I only visited the library once and that was my second year. I preferred reading in my room and the hostel reading room. I never liked reading in the library, the environment was too serious.
What were the challenges you faced?
Intermittent supply of electricity during exams was one. Another was some lecturers not giving me my deserved grades in some courses I took.
It is believed that serious students have to battle with peer pressure from friends who do everything possible to influence others. Did you face any such challenge?
Yes, I did. I stayed in the BQ in my third year when the distractions became too much for me. The students I lived with loved parties and girls more than their academics. I had to flee to the school hostel in order to avoid being influenced badly.
Some people run away from engineering because they think it is difficult, what attracted you to it?
Well, I loved Mathematics, Physics and Chemistry back in secondary school, and these subjects form the core of Engineering, hence, the attraction.
Why the choice of Electrical Electronics?
As a kid, I used to loosen gadgets in the house to see what they were made of. I just had the natural interest in electronics and electrical appliances from a very tender age.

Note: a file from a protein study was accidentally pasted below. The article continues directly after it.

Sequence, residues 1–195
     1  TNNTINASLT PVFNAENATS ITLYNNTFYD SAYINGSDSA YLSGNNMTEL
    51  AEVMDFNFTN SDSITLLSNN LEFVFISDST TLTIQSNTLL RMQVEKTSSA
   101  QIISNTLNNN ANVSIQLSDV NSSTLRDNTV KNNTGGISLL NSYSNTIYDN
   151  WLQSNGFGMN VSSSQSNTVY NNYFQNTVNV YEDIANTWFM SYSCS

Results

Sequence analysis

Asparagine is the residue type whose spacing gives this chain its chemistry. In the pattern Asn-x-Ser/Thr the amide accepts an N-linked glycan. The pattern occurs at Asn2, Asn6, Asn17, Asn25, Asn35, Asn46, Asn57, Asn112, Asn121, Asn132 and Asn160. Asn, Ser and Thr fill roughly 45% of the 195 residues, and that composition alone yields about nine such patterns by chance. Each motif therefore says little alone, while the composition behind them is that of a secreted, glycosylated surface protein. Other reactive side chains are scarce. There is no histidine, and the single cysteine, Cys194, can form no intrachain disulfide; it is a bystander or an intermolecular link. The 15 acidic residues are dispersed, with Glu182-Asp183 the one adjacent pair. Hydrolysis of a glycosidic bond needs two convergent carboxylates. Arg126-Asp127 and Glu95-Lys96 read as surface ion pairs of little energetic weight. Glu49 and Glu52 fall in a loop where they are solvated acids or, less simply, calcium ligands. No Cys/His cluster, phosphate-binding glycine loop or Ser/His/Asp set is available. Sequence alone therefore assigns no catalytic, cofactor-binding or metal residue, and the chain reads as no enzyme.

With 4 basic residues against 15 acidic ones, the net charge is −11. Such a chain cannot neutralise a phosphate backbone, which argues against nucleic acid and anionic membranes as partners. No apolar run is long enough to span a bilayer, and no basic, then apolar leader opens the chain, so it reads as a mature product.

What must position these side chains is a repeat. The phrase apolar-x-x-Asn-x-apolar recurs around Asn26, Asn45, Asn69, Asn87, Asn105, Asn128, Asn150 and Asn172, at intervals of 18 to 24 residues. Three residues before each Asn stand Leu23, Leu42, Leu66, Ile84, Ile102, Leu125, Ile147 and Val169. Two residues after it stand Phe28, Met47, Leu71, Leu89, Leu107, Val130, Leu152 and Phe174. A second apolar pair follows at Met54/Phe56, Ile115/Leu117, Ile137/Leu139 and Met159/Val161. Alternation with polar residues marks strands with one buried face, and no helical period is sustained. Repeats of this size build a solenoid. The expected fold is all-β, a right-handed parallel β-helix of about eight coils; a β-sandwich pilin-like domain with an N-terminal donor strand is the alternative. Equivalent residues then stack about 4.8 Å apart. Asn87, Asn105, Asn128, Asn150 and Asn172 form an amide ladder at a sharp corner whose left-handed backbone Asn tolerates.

Which of your courses did you enjoy most?
I enjoyed the programming courses, unlike other theoretical courses I took, they were more pragmatic in nature. I also enjoyed Circuit Analysis and Synthesis as I found them very interesting.
What informed your choice?
While discussing the courses I could apply for in the university with my sister’s lesson teacher, he advised me to go for Electrical Electronics Engineering as it offers numerous areas of specialisation and endless job opportunities.
What part of your course was most challenging?
Having to write long lab reports and still get low scores was probably the most challenging part.
Did your parents have their own course preference in mind for you?
Not really. They never influenced my choice. My dad only joked once that he would have loved to have a medical doctor in his house.
Which course would they have preferred for you?
Probably medicine, but I never liked Biology.
What was your most embarrassing moment in school?
It was the day I had to use the female toilet because I was suffering from diarrhoea.
Can you still remember your happiest moment?
Yes, that was when I heard that I was the best graduating student.
Was there any form of reward from your parents for doing well?